Good Core Web Vitals scores will not improve indexing


Having good Core Web Vitals scores won’t necessarily lead to your web pages getting better indexed in Google’s search results.

So said John Mueller, Google’s Search Advocate, during a recent Google Search Central SEO Hangout during office hours.

A question is asked regarding Core Web Vitals and whether the scores can impact site quality, thereby affecting the number of pages a site gets indexed.

Site quality is directly related to indexing, as Google aims to index high-quality content that adds value to the web.

If your site does not meet a certain quality threshold, your pages may be indexed slowly, or even not indexed at all.

However, the Core Web Vitals scores are ranking factors, not quality factors. Increasing the scores will therefore have no direct impact on indexing.

Here is Mueller’s response.

Can Core Web Vitals scores impact Google indexing?

Mueller notes that this question is difficult to answer without consulting a specific website.

Generally speaking, since Core Web Vitals and Page Experience aren’t quality factors, they probably won’t have much of an impact on indexing.

Muller says:

” I do not think so. It’s really hard to watch this without going to a specific website. But, essentially, the type of Core Web Vitals plays into the Page Experience ranking factor – and that’s more of a ranking factor. It is not a quality factor.

And in particular, it doesn’t play with the amount of data we actually crawl and index from the website. In some cases, there is a small relationship between page speed and the speed at which we can crawl it, but it doesn’t have to be. So it’s something where those sides are generally less connected and not completely linked.

Mueller goes on to say that good Core Web Vitals scores won’t always lead to faster crawling either.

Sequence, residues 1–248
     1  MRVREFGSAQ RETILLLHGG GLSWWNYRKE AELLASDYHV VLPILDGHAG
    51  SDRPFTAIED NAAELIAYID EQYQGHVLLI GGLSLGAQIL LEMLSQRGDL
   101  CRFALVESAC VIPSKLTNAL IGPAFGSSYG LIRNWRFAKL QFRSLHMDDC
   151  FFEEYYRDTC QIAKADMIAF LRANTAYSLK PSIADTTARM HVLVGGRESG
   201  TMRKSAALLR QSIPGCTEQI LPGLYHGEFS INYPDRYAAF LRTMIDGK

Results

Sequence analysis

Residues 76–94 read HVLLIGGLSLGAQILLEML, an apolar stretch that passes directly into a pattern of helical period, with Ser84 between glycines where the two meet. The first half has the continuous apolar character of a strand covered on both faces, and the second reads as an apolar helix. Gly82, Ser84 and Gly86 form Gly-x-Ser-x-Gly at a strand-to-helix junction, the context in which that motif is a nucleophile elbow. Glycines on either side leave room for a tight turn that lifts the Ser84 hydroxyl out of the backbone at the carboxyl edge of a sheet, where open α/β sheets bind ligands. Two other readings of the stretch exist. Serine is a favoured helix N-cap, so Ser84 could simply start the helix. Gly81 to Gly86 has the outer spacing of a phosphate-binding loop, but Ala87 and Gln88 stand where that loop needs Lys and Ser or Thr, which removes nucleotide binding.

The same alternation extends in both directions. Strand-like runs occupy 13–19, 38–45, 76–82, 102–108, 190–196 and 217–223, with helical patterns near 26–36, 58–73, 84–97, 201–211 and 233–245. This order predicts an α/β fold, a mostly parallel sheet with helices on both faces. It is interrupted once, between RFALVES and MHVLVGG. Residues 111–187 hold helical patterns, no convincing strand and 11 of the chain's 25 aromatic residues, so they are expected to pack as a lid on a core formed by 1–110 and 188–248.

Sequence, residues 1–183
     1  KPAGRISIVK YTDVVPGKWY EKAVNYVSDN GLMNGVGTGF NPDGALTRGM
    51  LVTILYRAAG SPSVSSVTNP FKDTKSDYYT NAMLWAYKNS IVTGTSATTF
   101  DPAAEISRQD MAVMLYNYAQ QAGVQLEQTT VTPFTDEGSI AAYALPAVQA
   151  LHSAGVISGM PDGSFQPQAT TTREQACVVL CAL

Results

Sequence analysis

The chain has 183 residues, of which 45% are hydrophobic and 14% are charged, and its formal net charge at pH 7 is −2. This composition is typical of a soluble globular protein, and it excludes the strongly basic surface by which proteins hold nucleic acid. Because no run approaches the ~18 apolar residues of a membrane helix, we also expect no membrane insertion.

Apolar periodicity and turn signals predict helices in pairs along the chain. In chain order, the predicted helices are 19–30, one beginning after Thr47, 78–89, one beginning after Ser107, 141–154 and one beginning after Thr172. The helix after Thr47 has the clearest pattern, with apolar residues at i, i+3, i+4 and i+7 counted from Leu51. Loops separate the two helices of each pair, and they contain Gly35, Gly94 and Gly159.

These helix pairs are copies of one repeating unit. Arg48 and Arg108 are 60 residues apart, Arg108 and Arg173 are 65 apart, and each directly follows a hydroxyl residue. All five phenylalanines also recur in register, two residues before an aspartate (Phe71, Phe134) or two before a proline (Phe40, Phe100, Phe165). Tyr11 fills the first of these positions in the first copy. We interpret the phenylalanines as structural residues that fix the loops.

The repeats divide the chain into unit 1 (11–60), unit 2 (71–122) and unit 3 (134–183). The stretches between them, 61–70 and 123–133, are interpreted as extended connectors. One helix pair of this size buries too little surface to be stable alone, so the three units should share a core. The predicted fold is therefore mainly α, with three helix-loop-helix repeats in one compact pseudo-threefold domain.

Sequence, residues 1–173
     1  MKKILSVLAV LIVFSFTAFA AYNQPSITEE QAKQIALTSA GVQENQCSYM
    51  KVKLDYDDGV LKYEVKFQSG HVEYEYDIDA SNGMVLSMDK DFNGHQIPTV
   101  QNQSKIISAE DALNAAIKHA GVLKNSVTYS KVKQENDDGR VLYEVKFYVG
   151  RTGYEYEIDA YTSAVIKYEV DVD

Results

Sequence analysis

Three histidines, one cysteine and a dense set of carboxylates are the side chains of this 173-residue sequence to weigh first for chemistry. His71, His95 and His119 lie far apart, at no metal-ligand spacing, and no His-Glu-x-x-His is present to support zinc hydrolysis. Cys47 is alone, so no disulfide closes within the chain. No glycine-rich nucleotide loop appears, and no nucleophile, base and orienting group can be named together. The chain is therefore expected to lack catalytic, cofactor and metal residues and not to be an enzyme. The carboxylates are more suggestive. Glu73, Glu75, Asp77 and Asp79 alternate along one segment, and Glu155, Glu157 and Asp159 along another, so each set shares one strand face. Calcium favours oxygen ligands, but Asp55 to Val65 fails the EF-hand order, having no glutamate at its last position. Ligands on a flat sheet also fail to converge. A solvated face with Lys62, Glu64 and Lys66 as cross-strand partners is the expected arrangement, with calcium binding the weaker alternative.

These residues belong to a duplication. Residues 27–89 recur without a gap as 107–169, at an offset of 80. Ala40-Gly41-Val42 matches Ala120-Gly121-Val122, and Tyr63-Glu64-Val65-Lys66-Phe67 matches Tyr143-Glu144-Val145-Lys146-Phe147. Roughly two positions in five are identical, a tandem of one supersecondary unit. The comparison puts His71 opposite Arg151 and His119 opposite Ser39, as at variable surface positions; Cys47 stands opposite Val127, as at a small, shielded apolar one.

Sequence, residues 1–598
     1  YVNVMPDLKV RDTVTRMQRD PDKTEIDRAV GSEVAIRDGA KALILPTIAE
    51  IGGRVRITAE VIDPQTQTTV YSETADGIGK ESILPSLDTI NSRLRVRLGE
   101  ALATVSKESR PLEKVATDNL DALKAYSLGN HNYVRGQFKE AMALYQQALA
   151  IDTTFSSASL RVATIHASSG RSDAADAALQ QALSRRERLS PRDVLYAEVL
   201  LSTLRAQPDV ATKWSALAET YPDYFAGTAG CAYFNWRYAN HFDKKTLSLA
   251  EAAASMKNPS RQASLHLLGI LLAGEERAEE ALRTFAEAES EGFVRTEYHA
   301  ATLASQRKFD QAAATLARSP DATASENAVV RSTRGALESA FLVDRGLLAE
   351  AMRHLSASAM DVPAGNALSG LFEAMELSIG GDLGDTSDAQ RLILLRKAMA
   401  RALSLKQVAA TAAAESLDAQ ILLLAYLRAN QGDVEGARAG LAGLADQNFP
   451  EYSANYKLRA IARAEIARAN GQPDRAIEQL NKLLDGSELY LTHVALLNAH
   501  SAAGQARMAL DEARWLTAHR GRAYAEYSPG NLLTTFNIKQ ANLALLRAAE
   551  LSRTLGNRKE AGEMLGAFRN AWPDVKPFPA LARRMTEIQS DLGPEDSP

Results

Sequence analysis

In addition to the Core Web Vitals and Page Experience factors, there are so many other elements that go into page load speed.

“So especially in terms of the page experience, because the time it takes for a page to load depends on a lot of factors – more than a single request to the server, you might have fonts on that page or maybe you have large images pulled from other sites All of these things are things that play into the page load speed for a user but don’t actually match the speed at which we can crawl a page.

Obviously if your server is so slow that any request made to the server kind of takes a few sections then that’s something where I’d say your page will be slow and Google’s crawl will be slow simply because we can’t not crawl as much as we would like. But, for the most part, if you’re talking about good pages and reasonably fast crawling, I wouldn’t expect to see a relationship between Core Web Vitals scores and a website’s crawling and indexing .

Listen to Mueller’s full response in the video below:


Featured Image: Pool26/Shutterstock

Leave a Comment

Your email address will not be published.